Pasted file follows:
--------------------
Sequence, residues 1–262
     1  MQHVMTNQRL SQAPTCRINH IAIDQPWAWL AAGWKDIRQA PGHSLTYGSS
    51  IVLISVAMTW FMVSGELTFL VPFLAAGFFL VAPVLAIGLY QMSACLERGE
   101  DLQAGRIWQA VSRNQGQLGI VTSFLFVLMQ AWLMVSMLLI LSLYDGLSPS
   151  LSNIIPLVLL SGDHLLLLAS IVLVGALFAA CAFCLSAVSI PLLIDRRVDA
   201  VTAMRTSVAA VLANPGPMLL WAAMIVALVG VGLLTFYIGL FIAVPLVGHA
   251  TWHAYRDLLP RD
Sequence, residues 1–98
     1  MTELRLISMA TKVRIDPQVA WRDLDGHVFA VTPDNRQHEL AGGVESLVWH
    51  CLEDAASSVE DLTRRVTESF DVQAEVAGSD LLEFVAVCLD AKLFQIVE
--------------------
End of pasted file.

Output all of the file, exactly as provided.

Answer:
Sequence, residues 1–262
     1  MQHVMTNQRL SQAPTCRINH IAIDQPWAWL AAGWKDIRQA PGHSLTYGSS
    51  IVLISVAMTW FMVSGELTFL VPFLAAGFFL VAPVLAIGLY QMSACLERGE
   101  DLQAGRIWQA VSRNQGQLGI VTSFLFVLMQ AWLMVSMLLI LSLYDGLSPS
   151  LSNIIPLVLL SGDHLLLLAS IVLVGALFAA CAFCLSAVSI PLLIDRRVDA
   201  VTAMRTSVAA VLANPGPMLL WAAMIVALVG VGLLTFYIGL FIAVPLVGHA
   251  TWHAYRDLLP RD
Sequence, residues 1–98
     1  MTELRLISMA TKVRIDPQVA WRDLDGHVFA VTPDNRQHEL AGGVESLVWH
    51  CLEDAASSVE DLTRRVTESF DVQAEVAGSD LLEFVAVCLD AKLFQIVE